Good To Know

Tóibín's novel The Story of Night is No. 84 on the Publishing Triangle's list of the best 100 gay and lesbian novels of all time.

He counts two books by James Baldwin -- Giovanni's Room and Go Tell It on the Mountain -- as major influences on his work.

Tóibín covered the downfall of the military dictatorship in Argentina in 1985.

He joined such authors as Roddy Doyle in the 1997 novel Finbar's Hotel, in which each of the seven authors wrote individual chapters set in the same 24-hour period at a fading hotel.

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    1. Hometown:
      Dublin, Ireland
    1. Date of Birth:
      May 30, 1955
    2. Place of Birth:
      Enniscorthy, County Wexford, Ireland
    1. Education:
      St. Peter's College, Wexford; University College, Dublin, B.A. in English and history
    2. Website:

Read an Excerpt

A Song Noel was the driver that weekend in Clare, the only musician among his friends who did not drink. They were going to need a driver; the town was, they believed, too full of eager students and eager tourists; the pubs were impossible. For two or three nights they would aim for empty country pubs or private houses. Noel played the tin whistle with more skill than flair, better always accompanying a large group than playing alone. His singing voice, however, was special, even though it had nothing of the strength and individuality of his mother's voice, known to all of them from one recording made in the early seventies. He could do perfect harmony with anybody, moving a fraction above or below, roaming freely around the other voice, no matter what sort of voice it was. He did not have an actual singing voice, he used to joke, he had an ear, and in that small world it was agreed that his ear was flawless.

On the Sunday night the town had grown unbearable. Most visitors were, his friend George said, the sort of people who would blissfully spill pints over your uilleann pipes. And even some of the better-known country pubs were too full of outsiders for comfort. Word had spread, for example, of the afternoon session at Kielty's in Millish, and now that the evening was coming in, it was his job to rescue two of his friends and take them from there to a private house on the other side of Ennis where they would have peace to play.

As soon as he entered the pub, he saw in the recess by the window one of them playing the melodion, the other the fiddle, both acknowledging him with the tiniest flick of the eyes and a sharp knitting of the brow. A crowd had gathered around them, two other fiddlers and a young woman playing the flute. The table in front of them was laden down with full and half-full pint glasses.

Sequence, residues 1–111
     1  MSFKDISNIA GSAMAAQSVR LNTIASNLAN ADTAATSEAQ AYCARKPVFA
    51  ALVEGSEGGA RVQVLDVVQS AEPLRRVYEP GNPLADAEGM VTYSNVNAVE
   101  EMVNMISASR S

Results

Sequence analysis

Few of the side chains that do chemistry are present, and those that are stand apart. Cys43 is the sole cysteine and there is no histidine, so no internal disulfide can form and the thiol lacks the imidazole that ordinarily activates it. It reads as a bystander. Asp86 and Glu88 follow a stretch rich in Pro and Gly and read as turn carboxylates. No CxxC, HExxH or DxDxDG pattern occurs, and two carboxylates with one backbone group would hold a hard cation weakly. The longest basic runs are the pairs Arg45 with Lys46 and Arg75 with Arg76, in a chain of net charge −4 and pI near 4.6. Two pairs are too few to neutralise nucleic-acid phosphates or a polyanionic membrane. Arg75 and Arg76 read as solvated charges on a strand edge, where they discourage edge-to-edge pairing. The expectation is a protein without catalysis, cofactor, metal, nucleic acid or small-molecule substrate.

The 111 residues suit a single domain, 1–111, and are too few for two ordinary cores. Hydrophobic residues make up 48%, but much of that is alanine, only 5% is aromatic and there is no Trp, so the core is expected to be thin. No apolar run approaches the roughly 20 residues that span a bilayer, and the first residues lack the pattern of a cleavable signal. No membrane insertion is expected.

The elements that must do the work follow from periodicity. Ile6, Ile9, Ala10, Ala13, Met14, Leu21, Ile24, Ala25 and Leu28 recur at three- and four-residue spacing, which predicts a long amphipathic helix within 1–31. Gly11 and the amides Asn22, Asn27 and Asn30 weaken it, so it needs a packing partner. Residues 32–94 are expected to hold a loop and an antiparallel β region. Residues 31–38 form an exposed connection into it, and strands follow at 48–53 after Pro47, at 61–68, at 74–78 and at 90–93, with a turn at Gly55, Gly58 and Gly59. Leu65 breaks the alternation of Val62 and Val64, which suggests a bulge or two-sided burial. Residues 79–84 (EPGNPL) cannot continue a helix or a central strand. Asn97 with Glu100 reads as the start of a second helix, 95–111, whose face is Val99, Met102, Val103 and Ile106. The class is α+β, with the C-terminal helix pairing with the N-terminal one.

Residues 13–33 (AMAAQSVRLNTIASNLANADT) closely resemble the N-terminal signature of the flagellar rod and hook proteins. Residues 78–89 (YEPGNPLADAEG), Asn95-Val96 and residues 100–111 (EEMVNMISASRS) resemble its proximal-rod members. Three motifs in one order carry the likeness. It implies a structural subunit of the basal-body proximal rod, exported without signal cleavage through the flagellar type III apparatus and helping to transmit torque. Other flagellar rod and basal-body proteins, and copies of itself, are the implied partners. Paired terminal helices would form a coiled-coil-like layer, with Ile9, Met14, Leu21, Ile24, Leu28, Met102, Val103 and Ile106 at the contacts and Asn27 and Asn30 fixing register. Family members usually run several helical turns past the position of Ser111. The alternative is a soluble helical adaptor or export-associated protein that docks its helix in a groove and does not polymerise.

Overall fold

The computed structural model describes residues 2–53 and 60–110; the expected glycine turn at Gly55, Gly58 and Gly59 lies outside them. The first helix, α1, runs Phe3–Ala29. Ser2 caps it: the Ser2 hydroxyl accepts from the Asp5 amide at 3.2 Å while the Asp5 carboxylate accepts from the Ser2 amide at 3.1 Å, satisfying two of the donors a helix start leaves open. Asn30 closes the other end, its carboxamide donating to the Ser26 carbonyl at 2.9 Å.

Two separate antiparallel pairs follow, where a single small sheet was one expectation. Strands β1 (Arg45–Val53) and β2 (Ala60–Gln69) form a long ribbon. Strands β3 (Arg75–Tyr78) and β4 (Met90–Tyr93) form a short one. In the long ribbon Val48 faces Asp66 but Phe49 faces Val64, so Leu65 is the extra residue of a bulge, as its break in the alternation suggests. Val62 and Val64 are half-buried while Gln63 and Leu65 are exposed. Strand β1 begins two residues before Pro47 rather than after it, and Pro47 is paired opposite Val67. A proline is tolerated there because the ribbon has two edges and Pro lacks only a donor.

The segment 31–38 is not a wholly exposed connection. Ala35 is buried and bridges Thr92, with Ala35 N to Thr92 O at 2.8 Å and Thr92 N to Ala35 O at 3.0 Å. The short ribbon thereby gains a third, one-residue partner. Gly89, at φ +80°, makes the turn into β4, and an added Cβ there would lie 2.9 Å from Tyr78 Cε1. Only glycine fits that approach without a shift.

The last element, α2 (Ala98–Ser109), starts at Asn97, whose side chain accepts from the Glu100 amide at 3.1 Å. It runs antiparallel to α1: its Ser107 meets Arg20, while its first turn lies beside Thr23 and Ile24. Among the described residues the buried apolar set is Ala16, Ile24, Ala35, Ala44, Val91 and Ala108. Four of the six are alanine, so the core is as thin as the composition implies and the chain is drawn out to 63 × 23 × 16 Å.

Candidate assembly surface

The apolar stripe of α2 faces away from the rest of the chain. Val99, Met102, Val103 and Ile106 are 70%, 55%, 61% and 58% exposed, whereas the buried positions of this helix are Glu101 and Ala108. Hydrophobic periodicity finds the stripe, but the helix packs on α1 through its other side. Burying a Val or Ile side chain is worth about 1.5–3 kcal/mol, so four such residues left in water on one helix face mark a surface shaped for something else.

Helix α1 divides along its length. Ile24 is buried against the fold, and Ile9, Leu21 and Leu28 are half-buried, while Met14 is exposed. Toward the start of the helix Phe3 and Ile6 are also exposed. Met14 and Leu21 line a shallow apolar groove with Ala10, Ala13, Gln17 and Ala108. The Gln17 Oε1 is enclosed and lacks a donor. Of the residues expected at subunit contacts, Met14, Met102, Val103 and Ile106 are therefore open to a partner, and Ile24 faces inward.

Noel stood back and looked around him before going up to the bar to get a soda water and lime; the music had brightened the atmosphere of the pub so that even the visitors, including those who knew nothing about the music, had a strange glow of contentment and ease.

He saw one of his other friends at the bar waiting for a drink and nodded calmly to him before moving toward him to tell him that they would soon be moving on. His friend agreed to come with them.

"Don't tell anyone where we're going," Noel said.

As soon as they could decently leave, he thought, and it might be an hour or more, he would drive them across the countryside, as though in flight from danger.

His friend, once he had been served, edged nearer to him, a full pint of lager in his hand.

"I see you are on the lemonade," he said with a sour grin. "Would you like another?"

"It's soda water and lime," Noel said. "You couldn't afford it."

"I had to stop playing," his friend said. "It got too much. We should move when we can. Is there much drink in the other place?"

"You're asking the wrong man," Noel said, guessing that his friend had been drinking all afternoon.

"We can get drink on the way," his friend said.

"I'm ready to go when the boys are," Noel said, nodding in the direction of the music.

His friend frowned and sipped his drink, and looked up, searching Noel's face for a moment, then glancing around before moving closer to him so that he could not be heard by anyone else.

"I'm glad you're on the soda water. I suppose you know that your mother is here."

"I do all right," Noel said, smiling. "There'll be no beer tonight."

His friend turned away.

As he stood alone near the bar, Noel calculated that, as he was twenty-eight, this meant he had not seen his mother for nineteen years. He had not even known she was in Ireland and, as he looked around carefully, he did not think that he would recognize her. His friends knew that his parents had separated but none of them knew the bitterness of the split and the years of silence which had ensued.